Presidential Success Cannot Cover Up Democratic Down-Ballot Weaknesses

Hillary Clinton remains the favorite to win the White House (with polls anticipating a diverse electorate) and many Democrats are optimistic her candidacy will boost their chances down-ballot.  Specifically, the party hopes to take the Senate and several crucial governorships and state legislatures this November.

But, even if Democrats hold the White House for a third straight term and manage to take the Senate they will stay be facing a structural deficit the party has done little to rectify.  Democrats might have some up and coming figures in blue states like California (Kamala Harris) and diversifying states like Nevada (Catherine Cortez-Masto) and Arizona (Ruben Gallego) but they will still face a talent deficit related to the GOP’s bolstered ranks.

In a way, the current Democratic weakness in the states is understandable.  The GOP and conservative groups invested heavily in state legislative races and successfully made many races a referendum on Obama.  Utilizing their success in the 2010 elections, Republicans redistricted many Congressional and legislative lines to their benefit (the courts have limited these efforts in Florida and Virginia).  Democrats, for all their legislative and Presidential success under Obama have been devastated down-ballot.  To date, Democrats have done little to rectify their weakness.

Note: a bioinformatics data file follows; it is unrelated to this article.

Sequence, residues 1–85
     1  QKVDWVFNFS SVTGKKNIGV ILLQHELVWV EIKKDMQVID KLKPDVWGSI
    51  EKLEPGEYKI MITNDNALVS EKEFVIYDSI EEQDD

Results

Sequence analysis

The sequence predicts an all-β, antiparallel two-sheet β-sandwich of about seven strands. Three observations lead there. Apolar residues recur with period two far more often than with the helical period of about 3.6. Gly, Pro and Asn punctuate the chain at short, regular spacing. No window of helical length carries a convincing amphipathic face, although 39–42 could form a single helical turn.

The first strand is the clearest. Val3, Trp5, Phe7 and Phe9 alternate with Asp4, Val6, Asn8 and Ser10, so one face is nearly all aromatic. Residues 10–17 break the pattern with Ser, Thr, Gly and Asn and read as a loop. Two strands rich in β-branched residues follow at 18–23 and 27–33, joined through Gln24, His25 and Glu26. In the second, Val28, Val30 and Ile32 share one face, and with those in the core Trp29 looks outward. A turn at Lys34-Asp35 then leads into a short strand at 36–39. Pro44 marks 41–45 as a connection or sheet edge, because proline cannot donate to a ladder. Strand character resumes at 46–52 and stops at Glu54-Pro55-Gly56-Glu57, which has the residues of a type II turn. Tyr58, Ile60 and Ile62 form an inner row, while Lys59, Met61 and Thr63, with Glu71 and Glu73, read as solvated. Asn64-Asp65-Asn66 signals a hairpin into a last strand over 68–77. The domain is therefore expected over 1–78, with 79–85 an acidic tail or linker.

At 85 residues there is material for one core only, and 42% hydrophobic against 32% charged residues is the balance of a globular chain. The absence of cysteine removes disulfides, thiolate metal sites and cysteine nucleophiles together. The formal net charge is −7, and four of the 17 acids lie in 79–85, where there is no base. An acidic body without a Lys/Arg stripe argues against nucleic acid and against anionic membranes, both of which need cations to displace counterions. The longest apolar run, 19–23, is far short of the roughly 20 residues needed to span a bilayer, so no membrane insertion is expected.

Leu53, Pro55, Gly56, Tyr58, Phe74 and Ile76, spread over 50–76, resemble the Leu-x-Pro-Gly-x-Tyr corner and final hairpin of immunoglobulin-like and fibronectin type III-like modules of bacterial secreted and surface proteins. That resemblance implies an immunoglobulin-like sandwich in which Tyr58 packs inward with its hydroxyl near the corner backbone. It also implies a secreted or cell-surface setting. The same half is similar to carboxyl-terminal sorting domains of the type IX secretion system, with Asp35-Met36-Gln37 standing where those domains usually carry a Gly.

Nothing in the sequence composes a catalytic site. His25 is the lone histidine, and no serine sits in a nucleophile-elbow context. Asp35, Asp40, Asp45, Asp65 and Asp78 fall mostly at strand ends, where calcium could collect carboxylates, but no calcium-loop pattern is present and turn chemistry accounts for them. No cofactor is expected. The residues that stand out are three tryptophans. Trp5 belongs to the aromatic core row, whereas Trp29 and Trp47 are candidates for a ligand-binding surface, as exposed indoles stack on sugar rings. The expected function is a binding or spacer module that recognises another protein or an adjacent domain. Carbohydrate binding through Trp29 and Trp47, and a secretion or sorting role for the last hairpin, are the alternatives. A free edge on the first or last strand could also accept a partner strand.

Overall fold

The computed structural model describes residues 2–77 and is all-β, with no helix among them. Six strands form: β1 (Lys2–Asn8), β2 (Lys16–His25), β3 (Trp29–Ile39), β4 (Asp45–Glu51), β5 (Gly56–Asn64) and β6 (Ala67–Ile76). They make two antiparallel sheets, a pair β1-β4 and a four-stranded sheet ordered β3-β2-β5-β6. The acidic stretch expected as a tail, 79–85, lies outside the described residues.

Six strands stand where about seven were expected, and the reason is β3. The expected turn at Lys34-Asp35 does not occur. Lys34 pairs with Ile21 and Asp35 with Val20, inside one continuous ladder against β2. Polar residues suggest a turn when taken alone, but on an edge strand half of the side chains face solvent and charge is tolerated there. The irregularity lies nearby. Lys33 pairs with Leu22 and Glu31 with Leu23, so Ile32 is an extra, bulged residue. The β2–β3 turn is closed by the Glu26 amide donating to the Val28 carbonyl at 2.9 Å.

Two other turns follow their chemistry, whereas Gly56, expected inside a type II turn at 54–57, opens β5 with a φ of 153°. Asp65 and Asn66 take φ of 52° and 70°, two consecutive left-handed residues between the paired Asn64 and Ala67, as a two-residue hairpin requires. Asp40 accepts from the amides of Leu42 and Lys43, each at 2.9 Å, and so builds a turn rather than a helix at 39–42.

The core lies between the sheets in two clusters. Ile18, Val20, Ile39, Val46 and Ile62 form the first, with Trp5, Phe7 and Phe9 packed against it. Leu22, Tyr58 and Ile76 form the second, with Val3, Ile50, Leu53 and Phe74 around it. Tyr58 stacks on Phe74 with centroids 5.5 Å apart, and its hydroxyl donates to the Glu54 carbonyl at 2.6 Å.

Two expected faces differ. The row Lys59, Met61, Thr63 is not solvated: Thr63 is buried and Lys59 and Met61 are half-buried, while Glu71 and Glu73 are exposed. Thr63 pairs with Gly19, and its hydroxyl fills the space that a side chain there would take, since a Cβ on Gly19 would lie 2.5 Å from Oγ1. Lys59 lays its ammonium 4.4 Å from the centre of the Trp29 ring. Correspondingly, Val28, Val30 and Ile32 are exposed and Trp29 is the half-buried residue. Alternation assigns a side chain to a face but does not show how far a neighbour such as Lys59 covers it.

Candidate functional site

Current political trends do not offer Democrats much solace.  Republicans are well positioned to protect their large majority in the House even if Trump falls in 3 months.  The Senate, even if it flips, will be up for grabs in 2018 with Democrats fighting to hold seats in deeply red Indiana, Missouri, North Dakota and West Virginia.  Many state legislatures the GOP holds in swing states (Michigan, Ohio, Wisconsin, Pennsylvania) are unlikely to see significant movement.

Three reasons stand out for Democratic weaknesses down-ballot.  All are of the party’s own making.  Democrats have made a concerted effort to win the White House.  They have built a cultural connection to young and diverse electorates in many of the nation’s biggest cities.  This has allowed them to acquire massive voting margins in Colorado, Ohio, Nevada, etc.  But the flipside of this coin is that it has alienated Democrats from rural and suburban voters (many who turn out in off-year and midterm elections).  This dynamic has allowed Democrats to build a decisive advantage in many federal and statewide contests but, particularly for legislative races, it has led Democrats to struggle to win swing and suburban legislative districts.

Geographically, Democrats also have a problem.  By focusing almost exclusively on big cities they waste a significant number of votes in solidly blue districts.  While they hold the majority of voters’ loyalties in the largest cities in the land they suffer for it in diverse, swing states like Colorado and blue states alike.